You're right, the earth does change. And over the grand scale of geologic time, the forces of Mother Nature are far greater than our own. But the point about the environmental movement is not the preservation of the Earth per se, but the preservation of us. The belief is that good stewardship of our planet will allow our species to thrive and continue to prosper.

      For example, let's take the most extreme form of environmental damage we could do today: we could blast every single nucler weapon in the entire global stockpile at once. What would happen to the Earth? In truth, it will survive. Think about it. It's survived asteroid collisions far, far more damaging than all our nuclear weapons combined.

      Will life survive? Of course it will. There will probably be numerous species of bacteria and tiny cockroaches and the such that will survive such a nuclear holocaust and then bloom in the aftermath to fill the world now emptied of the once dominant lifeforms. That's how mammals expanded after a meteor collision killed off the dominant reptiles (dinosaurs) of the day.

      Will we survive? Most assuredly not. And there's the point. To be an environmentalist advocating the banning of nuclear weapons is to advocate for the continuation of our species.

      Similarly, when we talk about global warming, you're correct that the Earth will survive. There have been periods of time when the world has been much hotter, and much colder than it is now. And life in general will continue and evolution will over time create new ecosystems that have adapted to the new reality. But our society as we know it right now will be significantly affected. Entire coastal regions will be submerged under rising sea levels. Once fertile farms that support our population will become deserts, etc. etc. You bet that will make our life more miserable.

      So that's the rub. People tend to think of environmentalists as putting the life of some endangered dung beetle above the life of a human being. Although there are perhaps extremists who do so, they're not the majority. The environmental movement acknowledges that by making it a priority to preserve our current environment and taking care of our planet as best we can, we can continue to enjoy its fruits for a long time yet to come.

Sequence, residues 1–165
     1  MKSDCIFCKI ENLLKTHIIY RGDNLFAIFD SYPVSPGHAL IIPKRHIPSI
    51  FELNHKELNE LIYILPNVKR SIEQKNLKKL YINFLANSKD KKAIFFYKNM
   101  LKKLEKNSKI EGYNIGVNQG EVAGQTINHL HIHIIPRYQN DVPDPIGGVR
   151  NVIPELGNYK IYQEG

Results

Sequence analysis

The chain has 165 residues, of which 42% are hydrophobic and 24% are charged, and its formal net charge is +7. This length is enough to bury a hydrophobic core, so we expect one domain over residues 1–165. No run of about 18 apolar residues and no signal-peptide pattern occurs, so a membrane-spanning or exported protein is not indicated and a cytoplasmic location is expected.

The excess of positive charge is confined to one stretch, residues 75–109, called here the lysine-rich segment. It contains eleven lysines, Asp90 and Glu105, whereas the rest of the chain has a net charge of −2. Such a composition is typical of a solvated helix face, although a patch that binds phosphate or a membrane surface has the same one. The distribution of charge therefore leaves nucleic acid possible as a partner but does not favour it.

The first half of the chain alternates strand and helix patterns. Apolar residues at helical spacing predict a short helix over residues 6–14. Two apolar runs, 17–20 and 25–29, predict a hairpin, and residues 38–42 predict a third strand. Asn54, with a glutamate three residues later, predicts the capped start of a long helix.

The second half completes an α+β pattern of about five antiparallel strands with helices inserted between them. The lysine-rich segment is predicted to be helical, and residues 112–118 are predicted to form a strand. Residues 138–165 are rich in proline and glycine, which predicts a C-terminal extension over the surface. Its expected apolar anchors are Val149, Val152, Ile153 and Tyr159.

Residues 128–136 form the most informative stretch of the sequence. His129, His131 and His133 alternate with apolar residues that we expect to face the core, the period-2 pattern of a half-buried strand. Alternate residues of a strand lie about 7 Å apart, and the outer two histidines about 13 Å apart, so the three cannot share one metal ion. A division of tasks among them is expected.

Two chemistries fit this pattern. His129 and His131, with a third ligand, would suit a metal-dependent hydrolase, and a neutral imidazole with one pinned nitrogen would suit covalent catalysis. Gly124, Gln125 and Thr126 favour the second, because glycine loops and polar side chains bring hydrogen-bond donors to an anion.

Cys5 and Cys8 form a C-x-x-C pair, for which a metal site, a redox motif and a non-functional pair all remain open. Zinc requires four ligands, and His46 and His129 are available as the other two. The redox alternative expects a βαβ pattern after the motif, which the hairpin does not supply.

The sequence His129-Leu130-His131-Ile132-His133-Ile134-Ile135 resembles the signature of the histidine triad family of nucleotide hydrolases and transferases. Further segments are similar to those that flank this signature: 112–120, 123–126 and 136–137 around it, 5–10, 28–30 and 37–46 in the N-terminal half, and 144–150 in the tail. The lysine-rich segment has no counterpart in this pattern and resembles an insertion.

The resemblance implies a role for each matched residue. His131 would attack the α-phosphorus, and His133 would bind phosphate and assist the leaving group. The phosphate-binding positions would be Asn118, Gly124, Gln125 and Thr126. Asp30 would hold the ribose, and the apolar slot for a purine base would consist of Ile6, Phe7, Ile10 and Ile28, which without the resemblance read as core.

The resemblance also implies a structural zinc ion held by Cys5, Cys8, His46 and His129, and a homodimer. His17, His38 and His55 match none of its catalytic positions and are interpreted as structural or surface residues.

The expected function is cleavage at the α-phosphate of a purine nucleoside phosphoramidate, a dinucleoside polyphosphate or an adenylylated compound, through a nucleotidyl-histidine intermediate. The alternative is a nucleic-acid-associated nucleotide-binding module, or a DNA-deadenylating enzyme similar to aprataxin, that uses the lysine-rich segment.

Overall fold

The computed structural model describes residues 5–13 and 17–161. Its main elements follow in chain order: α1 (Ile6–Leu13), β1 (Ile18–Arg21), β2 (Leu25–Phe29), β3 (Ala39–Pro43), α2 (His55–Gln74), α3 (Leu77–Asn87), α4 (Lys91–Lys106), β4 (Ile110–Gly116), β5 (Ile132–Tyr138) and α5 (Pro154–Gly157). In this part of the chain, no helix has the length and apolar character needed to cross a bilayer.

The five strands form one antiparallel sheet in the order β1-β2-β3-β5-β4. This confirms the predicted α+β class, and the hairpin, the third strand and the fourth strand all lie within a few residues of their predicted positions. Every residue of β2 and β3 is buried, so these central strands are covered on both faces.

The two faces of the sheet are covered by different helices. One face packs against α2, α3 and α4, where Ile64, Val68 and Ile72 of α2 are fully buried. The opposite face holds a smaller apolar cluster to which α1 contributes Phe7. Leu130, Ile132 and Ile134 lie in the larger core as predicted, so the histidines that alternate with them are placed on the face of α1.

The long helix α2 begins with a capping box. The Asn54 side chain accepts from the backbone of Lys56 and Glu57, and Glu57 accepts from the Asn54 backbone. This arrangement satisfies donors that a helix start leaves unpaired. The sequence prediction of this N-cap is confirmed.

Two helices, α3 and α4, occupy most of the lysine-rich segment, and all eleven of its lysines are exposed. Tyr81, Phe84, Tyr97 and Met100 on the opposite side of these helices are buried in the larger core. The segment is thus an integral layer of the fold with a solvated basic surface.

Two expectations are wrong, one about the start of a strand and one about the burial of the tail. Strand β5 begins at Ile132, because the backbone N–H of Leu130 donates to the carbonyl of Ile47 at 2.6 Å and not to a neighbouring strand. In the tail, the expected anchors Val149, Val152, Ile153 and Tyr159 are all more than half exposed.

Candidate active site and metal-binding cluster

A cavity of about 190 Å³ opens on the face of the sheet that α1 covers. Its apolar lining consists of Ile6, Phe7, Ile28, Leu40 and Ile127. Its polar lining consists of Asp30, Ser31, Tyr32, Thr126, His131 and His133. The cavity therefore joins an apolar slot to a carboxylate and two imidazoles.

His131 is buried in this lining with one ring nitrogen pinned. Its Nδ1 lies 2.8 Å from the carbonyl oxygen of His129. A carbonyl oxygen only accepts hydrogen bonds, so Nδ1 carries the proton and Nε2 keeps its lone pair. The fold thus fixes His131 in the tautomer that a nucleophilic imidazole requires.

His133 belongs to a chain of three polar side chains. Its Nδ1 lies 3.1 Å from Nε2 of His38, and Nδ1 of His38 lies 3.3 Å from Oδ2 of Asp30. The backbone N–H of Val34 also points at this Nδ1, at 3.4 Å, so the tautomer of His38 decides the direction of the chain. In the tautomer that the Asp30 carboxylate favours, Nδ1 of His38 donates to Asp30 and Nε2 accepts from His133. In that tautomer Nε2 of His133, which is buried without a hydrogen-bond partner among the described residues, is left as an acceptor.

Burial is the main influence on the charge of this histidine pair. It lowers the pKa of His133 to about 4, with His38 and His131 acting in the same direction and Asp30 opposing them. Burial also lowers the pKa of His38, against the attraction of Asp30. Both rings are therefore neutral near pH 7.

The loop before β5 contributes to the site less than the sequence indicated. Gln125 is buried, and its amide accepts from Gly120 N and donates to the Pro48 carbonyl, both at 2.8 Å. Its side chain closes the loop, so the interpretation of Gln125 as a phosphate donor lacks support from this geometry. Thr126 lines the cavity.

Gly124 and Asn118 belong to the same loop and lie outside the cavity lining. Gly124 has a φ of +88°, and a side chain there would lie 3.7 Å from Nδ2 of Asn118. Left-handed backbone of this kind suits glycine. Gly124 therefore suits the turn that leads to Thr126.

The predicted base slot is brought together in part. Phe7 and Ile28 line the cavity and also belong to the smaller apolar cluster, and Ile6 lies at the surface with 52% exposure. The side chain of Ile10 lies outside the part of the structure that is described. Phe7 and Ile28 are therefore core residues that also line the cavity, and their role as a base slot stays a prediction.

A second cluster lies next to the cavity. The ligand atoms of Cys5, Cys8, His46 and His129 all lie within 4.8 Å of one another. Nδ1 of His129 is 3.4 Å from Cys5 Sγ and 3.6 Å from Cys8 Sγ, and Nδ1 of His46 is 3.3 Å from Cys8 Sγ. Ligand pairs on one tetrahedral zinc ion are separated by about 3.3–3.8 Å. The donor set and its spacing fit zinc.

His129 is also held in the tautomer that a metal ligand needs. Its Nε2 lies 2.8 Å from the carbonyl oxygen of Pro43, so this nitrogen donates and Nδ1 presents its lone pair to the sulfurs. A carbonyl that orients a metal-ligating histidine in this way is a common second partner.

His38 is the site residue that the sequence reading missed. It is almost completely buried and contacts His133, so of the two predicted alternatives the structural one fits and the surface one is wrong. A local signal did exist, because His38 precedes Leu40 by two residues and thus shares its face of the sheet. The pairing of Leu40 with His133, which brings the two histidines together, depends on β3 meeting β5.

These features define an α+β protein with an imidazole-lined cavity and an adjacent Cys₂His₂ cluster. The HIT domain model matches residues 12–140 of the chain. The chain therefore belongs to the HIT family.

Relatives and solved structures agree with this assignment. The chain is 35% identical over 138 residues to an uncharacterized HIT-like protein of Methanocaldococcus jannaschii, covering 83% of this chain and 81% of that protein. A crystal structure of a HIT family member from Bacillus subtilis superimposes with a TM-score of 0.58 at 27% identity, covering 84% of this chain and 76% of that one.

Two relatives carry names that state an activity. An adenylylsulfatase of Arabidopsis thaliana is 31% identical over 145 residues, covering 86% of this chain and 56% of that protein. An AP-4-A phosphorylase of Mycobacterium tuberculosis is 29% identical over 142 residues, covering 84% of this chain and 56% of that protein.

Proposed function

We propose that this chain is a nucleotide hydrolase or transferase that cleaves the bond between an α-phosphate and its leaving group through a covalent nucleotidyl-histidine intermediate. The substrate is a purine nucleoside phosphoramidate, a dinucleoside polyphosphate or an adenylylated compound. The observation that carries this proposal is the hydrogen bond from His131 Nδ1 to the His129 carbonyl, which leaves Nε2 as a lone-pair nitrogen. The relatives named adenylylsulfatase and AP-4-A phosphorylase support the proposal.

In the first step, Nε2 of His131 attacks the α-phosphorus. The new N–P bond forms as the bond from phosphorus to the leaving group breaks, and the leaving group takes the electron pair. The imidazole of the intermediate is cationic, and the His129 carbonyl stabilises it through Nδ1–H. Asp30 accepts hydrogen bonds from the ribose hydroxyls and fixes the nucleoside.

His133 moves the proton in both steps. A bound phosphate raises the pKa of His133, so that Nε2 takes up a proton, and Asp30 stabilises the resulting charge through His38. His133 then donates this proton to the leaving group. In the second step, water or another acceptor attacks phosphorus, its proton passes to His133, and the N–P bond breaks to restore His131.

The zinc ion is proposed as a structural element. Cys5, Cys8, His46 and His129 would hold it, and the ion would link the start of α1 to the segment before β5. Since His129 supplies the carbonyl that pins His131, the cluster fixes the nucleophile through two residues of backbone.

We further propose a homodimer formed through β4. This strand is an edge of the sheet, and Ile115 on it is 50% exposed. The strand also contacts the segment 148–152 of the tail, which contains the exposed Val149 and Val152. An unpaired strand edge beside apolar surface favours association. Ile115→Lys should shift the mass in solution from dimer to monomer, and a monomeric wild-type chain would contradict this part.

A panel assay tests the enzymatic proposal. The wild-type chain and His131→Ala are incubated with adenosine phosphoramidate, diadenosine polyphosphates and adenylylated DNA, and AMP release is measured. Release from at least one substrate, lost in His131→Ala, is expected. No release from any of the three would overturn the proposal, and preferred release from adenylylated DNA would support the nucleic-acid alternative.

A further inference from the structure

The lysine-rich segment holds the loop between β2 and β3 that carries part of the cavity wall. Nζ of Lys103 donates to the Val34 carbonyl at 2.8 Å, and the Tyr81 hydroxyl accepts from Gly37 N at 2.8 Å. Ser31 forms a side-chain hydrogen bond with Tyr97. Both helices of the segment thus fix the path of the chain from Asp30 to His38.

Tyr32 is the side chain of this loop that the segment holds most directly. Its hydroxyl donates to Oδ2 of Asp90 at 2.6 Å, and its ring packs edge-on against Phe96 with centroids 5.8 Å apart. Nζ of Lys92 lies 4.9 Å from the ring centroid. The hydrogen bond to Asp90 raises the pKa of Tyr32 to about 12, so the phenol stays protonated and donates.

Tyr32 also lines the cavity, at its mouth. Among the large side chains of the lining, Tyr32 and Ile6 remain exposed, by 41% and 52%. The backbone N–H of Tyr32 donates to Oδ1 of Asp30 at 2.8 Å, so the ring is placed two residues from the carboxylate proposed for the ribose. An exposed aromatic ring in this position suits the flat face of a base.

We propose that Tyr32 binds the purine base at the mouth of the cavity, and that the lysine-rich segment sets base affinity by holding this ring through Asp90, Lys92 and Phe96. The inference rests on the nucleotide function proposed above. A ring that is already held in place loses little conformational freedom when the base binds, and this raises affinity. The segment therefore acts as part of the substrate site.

• The earth will change if we do anything or not. In fact what most environmentalists want is for it to stay exactly the same and never change, or so it seems. They don't want species to die, yet they do on their own even when we leave them totally alone, the want the climate to stay the same, yet that changes to if we were using our cars and factories or not.

      We have created an unnatural-external force on the planets ecosystems. Nature doesn't build concrete barriers on waterways. Nature doesn't make pop-can rings that choke birds and fish. Nature doesn't dump PCPs in rivers. Nature has ebb and flow, variation. Humans act very specifically -- with distinct purpose. We do always take, we rarely give. Do lions prey on our babies? No, we cut back their habitat and kill any we contact. Do birds pick at our dead-bodies? No, we chop down their nesting areas and poison them to death.

      Nature does things in balance - it does them slowly. We are waging chemical warfare on everything on the planet. We are changing the total environment for everything on the planet - without respect or care for other things..

      If a single species goes extinct through natural selection thats one thing - it provides opportunity for something in its place - if we pollute and destroy the natural world so that ALL things cannot cling onto survival that is another.

      Humans are very capable (and well on the way) to removing everything else that is alive from the planet. On our present course, only humans will be able to survive here (and the things we eat). Nothing else. All life will have us at the top of the food chain. All other life will live as a result of our waste - and thats it.

      I mean, really, do you REALLY believe we can cover everything with pavement and dump toxins into the environment and still have life on this planet?

      Eventually, we will not be able to live here. We will be responsible to completely control the environment we ourselves live in.

      I am purposefully trying to sound severe, because it is. There is a limit to the amount we can pollute. When taken in total, our actions are slowly(?) (literally) killing the planet.